On MSNBC, David Shuster invoked the "separation of church and television" (a phrase that also doesn't appear in the Constitution), bitterly complaining that Hume had brought up Christianity "out-of-the-blue" on "a political talk show."

Why on earth would Hume mention religion while discussing a public figure who had fallen from grace and was in need of redemption and forgiveness? Boy, talk about coming out of left field!

What religion -- what topic -- induces this sort of babbling idiocy? (If liberals really want to keep people from hearing about God, they should give Him his own show on MSNBC.)

Most perplexing was columnist Dan Savage's indignant accusation that Hume was claiming that Christianity "offers the best deal -- it gives you the get-out-of-adultery-free card that other religions just can't."

In fact, that's exactly what Christianity does. It's the best deal in the universe. (I know it seems strange that a self-described atheist and "radical sex advice columnist faggot" like Savage would miss the central point of Christianity, but there it is.)

God sent his only son to get the crap beaten out of him, die for our sins and rise from the dead. If you believe that, you're in. Your sins are washed away from you -- sins even worse than adultery! -- because of the cross.
"He canceled the record of the charges against us and took it away by nailing it to the cross." Colossians 2:14.

Surely you remember the cross, liberals -- the symbol banned by ACLU lawsuits from public property throughout the land?

Christianity is simultaneously the easiest religion in the world and the hardest religion in the world.

In the no-frills, economy-class version, you don't need a church, a teacher, candles, incense, special food or clothing; you don't need to pass a test or prove yourself in any way. All you'll need is a Bible (in order to grasp the amazing deal you're getting) and probably a water baptism, though even that's disputed.

You can be washing the dishes or walking your dog or just sitting there minding your business hating Susan Sarandon and accept that God sent his only son to die for your sins and rise from the dead ... and you're in!

"Because, if you confess with your mouth that Jesus is Lord and believe in your heart that God raised him from the dead, you will be saved." Romans 10:9.
If you do that, every rotten, sinful thing you've ever done is gone from you. You're every bit as much a Christian as the pope or Billy Graham.

No fine print, no "your mileage may vary," no blackout dates. God ought to do a TV spot: "I'm God Almighty, and if you can find a better deal than the one I'm offering, take it."

The Gospel makes this point approximately 1,000 times. Here are a few examples at random:

"For God so loved the world, that he gave his only Son, that whoever believes in him should not perish but have eternal life." John 3:16.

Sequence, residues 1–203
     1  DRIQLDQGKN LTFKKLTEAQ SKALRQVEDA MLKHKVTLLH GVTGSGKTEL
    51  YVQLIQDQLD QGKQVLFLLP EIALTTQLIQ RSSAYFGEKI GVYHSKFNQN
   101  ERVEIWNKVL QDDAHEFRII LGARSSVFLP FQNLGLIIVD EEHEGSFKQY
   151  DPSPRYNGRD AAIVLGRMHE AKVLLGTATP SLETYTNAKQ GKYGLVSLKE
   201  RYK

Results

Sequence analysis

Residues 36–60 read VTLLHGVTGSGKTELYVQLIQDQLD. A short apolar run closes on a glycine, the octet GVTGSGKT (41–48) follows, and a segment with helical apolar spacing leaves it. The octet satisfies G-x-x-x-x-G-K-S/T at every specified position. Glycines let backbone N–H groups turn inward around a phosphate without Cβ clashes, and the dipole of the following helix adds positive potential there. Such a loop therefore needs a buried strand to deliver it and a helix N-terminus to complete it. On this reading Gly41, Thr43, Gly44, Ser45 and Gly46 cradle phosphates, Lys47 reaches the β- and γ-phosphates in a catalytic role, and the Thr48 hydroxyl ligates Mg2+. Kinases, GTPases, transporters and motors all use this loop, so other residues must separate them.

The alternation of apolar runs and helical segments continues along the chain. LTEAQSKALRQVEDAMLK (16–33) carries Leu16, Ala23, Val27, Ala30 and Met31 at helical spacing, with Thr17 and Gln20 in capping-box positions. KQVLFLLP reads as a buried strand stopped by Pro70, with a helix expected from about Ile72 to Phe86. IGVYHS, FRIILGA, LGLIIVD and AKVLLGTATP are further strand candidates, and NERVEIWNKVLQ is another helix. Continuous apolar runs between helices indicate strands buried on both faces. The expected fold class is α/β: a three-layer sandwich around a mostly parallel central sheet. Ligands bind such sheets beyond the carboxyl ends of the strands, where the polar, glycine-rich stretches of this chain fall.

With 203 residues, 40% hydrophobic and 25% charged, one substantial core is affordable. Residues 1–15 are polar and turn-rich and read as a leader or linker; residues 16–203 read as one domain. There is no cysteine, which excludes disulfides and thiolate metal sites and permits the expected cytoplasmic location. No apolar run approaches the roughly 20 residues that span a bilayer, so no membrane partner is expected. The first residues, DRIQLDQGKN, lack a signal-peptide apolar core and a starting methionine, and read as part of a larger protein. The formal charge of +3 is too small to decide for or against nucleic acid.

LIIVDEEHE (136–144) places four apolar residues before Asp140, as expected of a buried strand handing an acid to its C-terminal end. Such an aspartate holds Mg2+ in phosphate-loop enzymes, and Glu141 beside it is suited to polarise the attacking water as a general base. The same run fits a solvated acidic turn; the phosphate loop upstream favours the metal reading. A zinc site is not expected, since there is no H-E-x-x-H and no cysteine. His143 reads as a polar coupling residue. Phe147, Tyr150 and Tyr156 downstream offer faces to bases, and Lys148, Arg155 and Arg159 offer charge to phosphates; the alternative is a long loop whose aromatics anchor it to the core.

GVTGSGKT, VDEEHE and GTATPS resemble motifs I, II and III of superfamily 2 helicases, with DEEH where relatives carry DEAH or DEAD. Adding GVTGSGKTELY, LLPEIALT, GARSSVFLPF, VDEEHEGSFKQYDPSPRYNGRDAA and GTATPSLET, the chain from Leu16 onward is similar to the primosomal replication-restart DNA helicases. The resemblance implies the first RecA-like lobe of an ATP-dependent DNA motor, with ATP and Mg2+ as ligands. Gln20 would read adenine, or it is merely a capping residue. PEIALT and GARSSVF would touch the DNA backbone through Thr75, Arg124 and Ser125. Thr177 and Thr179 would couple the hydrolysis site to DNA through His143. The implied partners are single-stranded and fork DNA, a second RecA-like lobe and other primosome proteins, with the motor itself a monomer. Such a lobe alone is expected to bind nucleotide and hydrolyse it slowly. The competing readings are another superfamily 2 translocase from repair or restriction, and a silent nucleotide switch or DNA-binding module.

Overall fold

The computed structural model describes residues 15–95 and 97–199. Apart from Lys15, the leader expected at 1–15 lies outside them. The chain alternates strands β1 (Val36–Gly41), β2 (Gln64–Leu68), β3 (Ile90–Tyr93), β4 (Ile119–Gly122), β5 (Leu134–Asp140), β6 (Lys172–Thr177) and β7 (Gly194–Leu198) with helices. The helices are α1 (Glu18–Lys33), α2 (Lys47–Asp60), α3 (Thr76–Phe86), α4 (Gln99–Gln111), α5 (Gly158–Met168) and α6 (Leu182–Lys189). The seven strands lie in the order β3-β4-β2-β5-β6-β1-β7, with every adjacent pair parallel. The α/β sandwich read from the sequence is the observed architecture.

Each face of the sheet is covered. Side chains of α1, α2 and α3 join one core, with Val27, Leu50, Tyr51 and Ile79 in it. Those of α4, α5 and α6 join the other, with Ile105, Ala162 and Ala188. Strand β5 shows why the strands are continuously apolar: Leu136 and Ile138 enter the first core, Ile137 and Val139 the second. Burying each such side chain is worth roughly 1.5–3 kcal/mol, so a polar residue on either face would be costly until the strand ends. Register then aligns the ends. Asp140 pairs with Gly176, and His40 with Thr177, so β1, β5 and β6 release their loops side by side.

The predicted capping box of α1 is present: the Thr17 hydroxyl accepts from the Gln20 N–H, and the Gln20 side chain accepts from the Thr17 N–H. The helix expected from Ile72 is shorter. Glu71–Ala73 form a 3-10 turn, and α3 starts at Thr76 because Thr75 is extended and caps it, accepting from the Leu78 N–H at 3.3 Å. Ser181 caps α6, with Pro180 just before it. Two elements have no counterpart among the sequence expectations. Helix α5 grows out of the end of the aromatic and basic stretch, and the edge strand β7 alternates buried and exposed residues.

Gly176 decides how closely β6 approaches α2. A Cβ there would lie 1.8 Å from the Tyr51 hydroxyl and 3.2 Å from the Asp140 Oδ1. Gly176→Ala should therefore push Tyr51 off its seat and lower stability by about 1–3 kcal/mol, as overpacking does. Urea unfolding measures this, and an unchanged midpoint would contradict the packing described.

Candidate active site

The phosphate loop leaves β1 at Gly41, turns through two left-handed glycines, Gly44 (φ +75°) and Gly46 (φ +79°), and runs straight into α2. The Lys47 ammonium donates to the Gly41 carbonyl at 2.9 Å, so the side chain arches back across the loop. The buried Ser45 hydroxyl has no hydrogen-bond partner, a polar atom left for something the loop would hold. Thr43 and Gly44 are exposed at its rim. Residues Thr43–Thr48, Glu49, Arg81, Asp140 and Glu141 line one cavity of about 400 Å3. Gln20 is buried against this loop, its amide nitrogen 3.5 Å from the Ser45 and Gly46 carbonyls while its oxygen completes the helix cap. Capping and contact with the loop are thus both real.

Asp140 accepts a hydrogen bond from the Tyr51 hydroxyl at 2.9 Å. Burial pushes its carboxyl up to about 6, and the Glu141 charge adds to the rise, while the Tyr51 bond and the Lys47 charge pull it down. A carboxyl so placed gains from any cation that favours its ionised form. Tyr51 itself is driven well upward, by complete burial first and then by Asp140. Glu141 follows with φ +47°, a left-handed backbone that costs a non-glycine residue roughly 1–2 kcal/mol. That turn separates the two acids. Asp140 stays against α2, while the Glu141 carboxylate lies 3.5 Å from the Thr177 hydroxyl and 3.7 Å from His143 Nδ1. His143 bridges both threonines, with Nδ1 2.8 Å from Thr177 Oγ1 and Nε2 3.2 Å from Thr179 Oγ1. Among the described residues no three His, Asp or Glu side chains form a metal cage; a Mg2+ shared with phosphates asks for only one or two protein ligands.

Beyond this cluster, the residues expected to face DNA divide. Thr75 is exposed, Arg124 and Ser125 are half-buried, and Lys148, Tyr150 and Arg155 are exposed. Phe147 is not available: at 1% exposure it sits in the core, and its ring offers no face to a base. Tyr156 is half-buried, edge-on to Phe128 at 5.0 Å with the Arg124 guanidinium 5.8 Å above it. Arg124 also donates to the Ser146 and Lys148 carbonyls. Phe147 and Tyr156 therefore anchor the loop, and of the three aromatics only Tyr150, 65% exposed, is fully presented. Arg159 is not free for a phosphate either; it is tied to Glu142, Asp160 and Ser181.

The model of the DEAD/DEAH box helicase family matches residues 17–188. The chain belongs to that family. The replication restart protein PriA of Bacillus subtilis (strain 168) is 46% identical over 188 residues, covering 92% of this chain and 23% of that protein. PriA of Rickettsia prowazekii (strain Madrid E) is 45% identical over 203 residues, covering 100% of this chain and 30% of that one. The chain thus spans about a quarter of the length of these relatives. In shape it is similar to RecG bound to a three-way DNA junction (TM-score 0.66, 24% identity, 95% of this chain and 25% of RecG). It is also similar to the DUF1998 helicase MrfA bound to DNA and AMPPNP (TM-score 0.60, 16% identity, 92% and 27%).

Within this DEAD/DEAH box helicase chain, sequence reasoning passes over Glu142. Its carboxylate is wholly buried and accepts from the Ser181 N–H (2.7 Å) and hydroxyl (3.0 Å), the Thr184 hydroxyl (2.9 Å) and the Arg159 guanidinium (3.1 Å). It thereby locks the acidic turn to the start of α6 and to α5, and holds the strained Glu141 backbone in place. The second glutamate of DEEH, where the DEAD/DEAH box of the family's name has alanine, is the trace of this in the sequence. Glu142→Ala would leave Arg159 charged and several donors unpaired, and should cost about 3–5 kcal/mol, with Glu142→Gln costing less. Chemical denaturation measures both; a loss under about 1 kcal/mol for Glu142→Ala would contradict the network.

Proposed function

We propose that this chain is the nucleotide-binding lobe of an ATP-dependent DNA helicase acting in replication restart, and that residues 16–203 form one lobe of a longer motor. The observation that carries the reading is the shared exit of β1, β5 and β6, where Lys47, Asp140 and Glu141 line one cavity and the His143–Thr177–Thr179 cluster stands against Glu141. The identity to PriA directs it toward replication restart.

"For by grace you have been saved through faith. And this is not your own doing; it is the gift of God." Ephesians 2:8.

"For the wages of sin is death, but the free gift of God is eternal life in Christ Jesus our Lord." Romans 6:23.

In a boiling rage, liberals constantly accuse Christians of being "judgmental." No, we're relieved.

Christianity is also the hardest religion in the world because, if you believe Christ died for your sins and rose from the dead, you have no choice but to give your life entirely over to Him. No more sexual promiscuity, no lying, no cheating, no stealing, no killing inconvenient old people or unborn babies -- no doing what all the other kids do.

And no more caring what the world thinks of you -- because, as Jesus warned in a prophecy constantly fulfilled by liberals: The world will hate you.

With Christianity, your sins are forgiven, the slate is wiped clean and your eternal life is guaranteed through nothing you did yourself, even though you don't deserve it. It's the best deal in the universe.

1130 Walnut, Kansas City, MO 64106

Monday, January 04, 2010

Most of it was all happening at the zoo...

Sunday afternoon.

Sunny weather.

Need to get out and walk.

What to do?

Go see The Hogle Zoo.


Because it was there!

More specifically, because I have been wanting to see Baby Zuri since she was born in August.

(Now how Mom Christie got mixed up with a guy from Pittsburgh...well, I think it was a long distance romance to say the least. She is probably still wondering how she got pregnant!)

Christie wasn't too interested in making eye contact, and baby Zuri was sacked out. I've seen footage of Zuri romping about with her big flappy African elephant ears and she is simply A-dor-able!
Next to the elephant enclosure was this little sign.
Apparently you pushed a button and got to smell elephant smells.